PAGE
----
By: Cami McEvers
It’s called the “Put Patients First Reform Package,” but many patients say the legislation would actually put them last.
Introduced by Sen. Arlan Meekhof, R-West Olive, to establish “the exercise of medical judgment” as a valid defense in medical malpractice cases, defined as a “reasonable and good-faith belief that the person’s conduct is both well founded in medicine and in the best interests of the patient.” This would be a “question of law” for the court to decide. It is the senate insurance committee that is considering the bill and not the health panel. Reportedly the chair of the health committee wanted to head in a different direction – one that Sen. Roger Kahn (R-Saginaw) did not like.
On July 18, 2012 hundreds of concerned people crowded the Boji Building at the Senate Insurance Committee hearing to make sure doctors are held accountable. The medical malpractice bill is being championed by the Michigan State Medical Society, which maintains that a doctor would still be expected to meet standards of care, explaining that such reform measures are necessary to keep the state attractive for doctors. The estimated 300 protestors on the streets and at the Hearing in Lansing disagreed, calling it an immunity bill for bad physicians.
The hearing came only days after the consumer watchdog group Public Citizen issued a report that found payments for medical malpractice are declining, indicating that malpractice expenses are a much smaller portion of healthcare costs in the U.S. than advocates for tort reform suggest. The Public Citizen report also outlined how stringent malpractice reform measures established over the past ten years have failed to save states money or offer better healthcare for the state’s residents.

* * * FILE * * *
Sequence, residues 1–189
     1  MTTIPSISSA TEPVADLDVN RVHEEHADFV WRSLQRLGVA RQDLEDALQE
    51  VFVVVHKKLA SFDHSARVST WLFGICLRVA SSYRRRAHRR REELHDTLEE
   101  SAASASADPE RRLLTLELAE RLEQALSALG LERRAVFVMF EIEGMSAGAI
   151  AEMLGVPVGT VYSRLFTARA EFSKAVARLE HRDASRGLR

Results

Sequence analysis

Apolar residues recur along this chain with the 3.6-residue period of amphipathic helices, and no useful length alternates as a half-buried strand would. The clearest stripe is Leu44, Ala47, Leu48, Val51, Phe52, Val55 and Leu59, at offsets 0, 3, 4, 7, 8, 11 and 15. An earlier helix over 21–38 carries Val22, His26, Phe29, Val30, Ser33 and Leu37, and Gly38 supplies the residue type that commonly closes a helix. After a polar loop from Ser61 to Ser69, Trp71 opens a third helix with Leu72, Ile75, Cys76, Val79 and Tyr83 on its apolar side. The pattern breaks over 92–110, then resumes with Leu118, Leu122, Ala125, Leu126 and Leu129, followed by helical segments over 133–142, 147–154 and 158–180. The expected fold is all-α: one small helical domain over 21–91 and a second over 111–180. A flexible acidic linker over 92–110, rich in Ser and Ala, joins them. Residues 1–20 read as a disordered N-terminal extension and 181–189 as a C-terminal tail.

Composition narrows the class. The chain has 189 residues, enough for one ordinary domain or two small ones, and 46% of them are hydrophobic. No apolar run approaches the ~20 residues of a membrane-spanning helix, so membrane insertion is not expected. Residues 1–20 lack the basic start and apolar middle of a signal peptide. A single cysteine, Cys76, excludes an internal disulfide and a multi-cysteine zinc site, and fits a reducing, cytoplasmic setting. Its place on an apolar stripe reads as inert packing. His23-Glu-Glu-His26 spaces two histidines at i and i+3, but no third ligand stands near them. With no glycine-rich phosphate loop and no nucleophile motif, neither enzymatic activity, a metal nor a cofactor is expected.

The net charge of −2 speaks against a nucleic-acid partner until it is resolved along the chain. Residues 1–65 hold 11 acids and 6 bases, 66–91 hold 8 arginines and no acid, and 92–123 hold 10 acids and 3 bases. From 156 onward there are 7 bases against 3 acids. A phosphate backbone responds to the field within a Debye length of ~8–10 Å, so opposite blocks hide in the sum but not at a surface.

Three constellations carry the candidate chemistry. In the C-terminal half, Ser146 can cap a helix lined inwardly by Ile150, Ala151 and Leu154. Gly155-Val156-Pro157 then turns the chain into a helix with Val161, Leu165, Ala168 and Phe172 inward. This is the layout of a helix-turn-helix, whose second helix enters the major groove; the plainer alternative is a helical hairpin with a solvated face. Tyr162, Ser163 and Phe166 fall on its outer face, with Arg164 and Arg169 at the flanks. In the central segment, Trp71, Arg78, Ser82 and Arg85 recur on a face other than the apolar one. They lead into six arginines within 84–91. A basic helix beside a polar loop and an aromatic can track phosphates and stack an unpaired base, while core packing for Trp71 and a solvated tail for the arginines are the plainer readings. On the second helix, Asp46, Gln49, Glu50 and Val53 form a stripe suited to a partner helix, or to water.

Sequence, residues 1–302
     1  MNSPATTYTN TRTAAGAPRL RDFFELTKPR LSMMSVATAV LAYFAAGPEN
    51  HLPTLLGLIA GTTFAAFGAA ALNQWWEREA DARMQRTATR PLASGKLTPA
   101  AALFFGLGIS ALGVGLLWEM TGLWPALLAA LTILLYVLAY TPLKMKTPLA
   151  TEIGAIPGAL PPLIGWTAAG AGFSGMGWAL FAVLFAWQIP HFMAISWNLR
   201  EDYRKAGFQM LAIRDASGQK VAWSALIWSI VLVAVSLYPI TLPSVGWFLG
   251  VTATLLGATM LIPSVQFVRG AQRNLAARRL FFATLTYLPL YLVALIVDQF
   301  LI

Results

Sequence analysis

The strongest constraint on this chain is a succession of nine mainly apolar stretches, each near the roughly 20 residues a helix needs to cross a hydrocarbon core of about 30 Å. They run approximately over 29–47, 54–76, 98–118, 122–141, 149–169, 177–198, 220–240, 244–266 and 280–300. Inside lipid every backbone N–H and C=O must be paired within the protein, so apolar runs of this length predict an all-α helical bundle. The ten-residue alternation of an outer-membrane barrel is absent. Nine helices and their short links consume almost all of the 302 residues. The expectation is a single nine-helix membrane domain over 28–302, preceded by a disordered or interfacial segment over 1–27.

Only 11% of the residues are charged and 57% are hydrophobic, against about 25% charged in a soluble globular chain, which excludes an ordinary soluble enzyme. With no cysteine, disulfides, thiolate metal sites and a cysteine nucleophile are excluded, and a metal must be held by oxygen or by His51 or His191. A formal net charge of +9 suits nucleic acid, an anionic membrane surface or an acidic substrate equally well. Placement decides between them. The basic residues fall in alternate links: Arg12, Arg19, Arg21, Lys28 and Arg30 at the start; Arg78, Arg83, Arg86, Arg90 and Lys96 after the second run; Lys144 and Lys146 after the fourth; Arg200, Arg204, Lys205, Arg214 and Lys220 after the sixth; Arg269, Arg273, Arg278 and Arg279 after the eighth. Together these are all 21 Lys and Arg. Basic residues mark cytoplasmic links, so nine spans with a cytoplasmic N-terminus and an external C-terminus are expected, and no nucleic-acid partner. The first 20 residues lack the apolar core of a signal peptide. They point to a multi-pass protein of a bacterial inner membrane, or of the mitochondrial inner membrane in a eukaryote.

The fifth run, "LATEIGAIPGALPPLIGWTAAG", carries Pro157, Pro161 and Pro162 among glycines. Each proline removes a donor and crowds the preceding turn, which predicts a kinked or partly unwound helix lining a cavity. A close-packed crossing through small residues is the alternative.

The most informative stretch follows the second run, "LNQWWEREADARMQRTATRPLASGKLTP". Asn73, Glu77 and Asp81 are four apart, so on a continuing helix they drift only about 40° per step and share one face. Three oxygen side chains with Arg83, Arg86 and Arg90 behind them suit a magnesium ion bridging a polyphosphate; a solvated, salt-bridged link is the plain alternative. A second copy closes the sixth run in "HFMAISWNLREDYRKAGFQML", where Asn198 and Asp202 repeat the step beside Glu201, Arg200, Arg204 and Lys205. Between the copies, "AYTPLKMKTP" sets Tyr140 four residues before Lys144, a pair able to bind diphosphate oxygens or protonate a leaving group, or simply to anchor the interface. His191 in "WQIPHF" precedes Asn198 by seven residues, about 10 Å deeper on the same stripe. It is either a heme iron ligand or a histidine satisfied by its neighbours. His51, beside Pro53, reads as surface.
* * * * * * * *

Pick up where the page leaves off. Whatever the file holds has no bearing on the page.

“One of the things we’d like is to get rid of non-meritorious law suits,” said Dr. Rose Ramirez.
The Senate Insurance Committee is considering legislation that would, for the first time, grant immunity to doctors who may have made a mistake but believed they were doing the right thing at the time.
“It’s not a test of conduct like you would have with engineers, airline pilots, you, me or anyone else; it’s a belief, what’s in your mind? How can you prove that? You can’t; it’s defacto immunity,” said Norman Tucker, a medical malpractice attorney.
Tucker said other bills being proposed will effectively increase litigation costs and decrease the recovery someone can get; thereby making filing a claim or defending a claim very difficult. Many people fear repeat offender-doctors will be able to continue practicing.
Also protested was Senate Bill 1115, which would establish a malpractice cap capable of overriding a jury decision about what extent of compensation victims of medical errors deserve. Opponents of the proposed legislation say that, when combined with other bills that make up the reform package, it’s difficult to determine what part of the law puts “patients first.”
The Senate Insurance Committee is expected to re-convence in August.
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